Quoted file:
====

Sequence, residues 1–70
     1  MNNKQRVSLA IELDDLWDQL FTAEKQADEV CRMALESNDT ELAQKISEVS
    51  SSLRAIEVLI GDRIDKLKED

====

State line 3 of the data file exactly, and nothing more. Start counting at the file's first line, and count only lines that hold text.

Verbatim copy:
    51  SSLRAIEVLI GDRIDKLKED